By Robert Ihrig, CPM, CFPHS, Applications Engineer, Filter Systems and Diagnostics (IoT), Schroeder Industries
Imagine this: You have been filtering 30 gallons of hydraulic fluid in off-line filtration with staged 5- and 1-micron filter elements at a processing rate of 5 gallons per minute (300 gallons per hour). You have been using a light-blockage method (LBM) automatic particle counter to verify the fluid cleanliness. The starting cleanliness per ISO 4406:2017 was 25/22/15. After eight hours, the cleanliness has only dropped to 22/20/13. You’ve checked that the filter element is not clogged and not in bypass. You even went through the trouble of making sure there was an element actually in the filter. How is this possible? What you’re likely experiencing is a classic case of “phantom” particle counting.
Demystifying phantom particles
Phantom particle counting is a documented problem with laser particle counters that use LBM to verify the cleanliness of petroleum-based fluids containing certain insoluble additives. Silicone-based antifoam agents are common interferents. Fluids used in mobile fluid power systems are typically formulated to contain high antifoam concentrations. Research has suggested that through differential surface tension, the silicone antifoam additive agents adhere to the inner wall of microscopic entrained air bubbles, resulting in micelle-like encapsulations of the additive agents that then take on the apparent shape characteristics of a water droplet. The micelle-like antifoam agent encapsulations typically range from 4μm to10µm in size. Once the encapsulations rise to the fluid surface, the agents quickly pierce the air bubble and return back into the fluid. In a related study of the effects of a variety of nonsolid contaminants and additives on LBM particle-counting accuracy, it was found that a base stock mixture containing 0.02% (by weight) of a silicone antifoam agent increased the particle count by a minimum factor of three. The erroneous particle accounts were particularly evident in the 4µm and 6µm channels of the ISO 4406 cleanliness standard.
Limitations of LBM
LBM particle counters are useful in many applications, and the principle of the method is fundamentally simple. Fluid flows through a measurement cell containing a light source on one side of the measurement cell and a receiver (photodetector) on the opposite side. The light source becomes partially blocked as particles pass through the measurement cell, creating a light radiation differential, that is, a shadow, corresponding to the circular cross-sectional size of the passing particles.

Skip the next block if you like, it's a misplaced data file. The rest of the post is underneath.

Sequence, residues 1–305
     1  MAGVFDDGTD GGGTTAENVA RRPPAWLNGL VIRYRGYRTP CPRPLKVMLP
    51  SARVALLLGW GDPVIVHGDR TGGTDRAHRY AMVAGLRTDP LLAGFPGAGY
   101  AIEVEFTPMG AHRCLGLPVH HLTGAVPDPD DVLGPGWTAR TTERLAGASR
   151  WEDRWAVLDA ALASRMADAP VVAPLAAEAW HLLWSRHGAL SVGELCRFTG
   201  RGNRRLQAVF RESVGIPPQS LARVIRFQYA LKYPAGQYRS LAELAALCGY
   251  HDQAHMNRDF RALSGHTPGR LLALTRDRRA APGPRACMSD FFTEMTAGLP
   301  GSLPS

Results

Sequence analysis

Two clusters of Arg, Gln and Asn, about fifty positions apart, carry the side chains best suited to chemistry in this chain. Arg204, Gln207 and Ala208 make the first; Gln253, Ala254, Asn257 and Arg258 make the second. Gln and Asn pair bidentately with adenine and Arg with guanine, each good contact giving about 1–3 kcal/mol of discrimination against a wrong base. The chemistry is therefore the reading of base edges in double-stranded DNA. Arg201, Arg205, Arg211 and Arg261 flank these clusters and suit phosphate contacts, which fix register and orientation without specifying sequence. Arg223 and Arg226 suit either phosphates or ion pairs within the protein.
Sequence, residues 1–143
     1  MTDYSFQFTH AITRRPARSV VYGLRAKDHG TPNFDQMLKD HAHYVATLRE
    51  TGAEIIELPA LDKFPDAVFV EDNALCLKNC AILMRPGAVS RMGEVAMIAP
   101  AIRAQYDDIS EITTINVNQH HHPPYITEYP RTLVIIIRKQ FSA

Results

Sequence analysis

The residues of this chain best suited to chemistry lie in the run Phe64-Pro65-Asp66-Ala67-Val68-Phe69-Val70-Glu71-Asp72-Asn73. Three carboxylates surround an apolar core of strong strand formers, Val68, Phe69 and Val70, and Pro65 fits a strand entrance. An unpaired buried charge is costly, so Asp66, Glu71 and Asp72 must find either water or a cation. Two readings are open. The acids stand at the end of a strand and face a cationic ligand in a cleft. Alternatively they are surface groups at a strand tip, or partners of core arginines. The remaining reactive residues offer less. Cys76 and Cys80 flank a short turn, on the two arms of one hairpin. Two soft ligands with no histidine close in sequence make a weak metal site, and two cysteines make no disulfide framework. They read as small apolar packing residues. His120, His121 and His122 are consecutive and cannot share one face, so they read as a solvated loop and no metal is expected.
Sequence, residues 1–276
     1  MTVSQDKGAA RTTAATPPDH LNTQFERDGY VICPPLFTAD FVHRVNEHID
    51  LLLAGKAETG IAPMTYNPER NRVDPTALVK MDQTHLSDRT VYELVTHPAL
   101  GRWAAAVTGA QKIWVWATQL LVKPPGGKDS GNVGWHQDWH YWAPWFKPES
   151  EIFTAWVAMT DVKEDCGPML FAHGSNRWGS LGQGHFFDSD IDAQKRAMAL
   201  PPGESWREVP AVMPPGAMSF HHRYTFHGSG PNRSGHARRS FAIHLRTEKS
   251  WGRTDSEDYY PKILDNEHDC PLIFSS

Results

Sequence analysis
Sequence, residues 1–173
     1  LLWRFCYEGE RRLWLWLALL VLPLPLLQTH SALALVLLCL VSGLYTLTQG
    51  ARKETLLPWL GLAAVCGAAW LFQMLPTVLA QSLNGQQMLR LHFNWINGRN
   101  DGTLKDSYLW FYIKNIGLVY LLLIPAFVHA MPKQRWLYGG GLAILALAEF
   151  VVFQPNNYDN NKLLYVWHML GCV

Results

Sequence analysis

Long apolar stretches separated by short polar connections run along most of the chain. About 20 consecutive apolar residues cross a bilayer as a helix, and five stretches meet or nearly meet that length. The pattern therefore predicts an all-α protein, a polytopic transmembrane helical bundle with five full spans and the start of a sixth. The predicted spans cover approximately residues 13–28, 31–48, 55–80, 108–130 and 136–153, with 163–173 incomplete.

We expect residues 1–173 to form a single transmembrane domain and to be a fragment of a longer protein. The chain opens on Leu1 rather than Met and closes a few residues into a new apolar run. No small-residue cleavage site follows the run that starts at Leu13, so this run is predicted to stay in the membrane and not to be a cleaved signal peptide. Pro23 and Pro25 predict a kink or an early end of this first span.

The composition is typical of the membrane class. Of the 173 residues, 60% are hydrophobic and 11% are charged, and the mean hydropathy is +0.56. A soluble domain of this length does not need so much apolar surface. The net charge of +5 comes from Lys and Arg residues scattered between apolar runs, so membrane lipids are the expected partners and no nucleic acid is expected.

Because of this fundamental operating principle, LBM particle counters suffer from a key drawback: the inability to discern solid contaminates from other contaminates like water, air bubbles, phantom particles, and so on. So how can the phantom particles be overcome using automatic particle-counting technology? There is an alternative solution.
Direct digital imaging method
Direct digital imaging particle counting uses size and shape-recognition technology based on advanced algorithms to distinguish contaminates. For example, a direct digital imaging particle counter can distinguish contaminates into fatigue, cutting and sliding wear, and fiber and air bubble categories based on shape characteristics. It can also recognize water droplets (though water droplets are typically not recorded). The distinction of contaminates allows for more accurate particle counting by negating nonsolid contaminates like entrained air bubbles and water droplets. Therefore, direct digital imaging particle-counting technology can negate the micelle-like antifoaming additive encapsulations as water droplets – phantom particles – allowing users to understand the condition of their fluids with greater confidence. Two case studies demonstrate how the Schroeder Pro: Total Fluid Health (TFH), a fluid-condition monitoring solution with direct digital imaging particle-counting technology, can overcome phantom particle counting.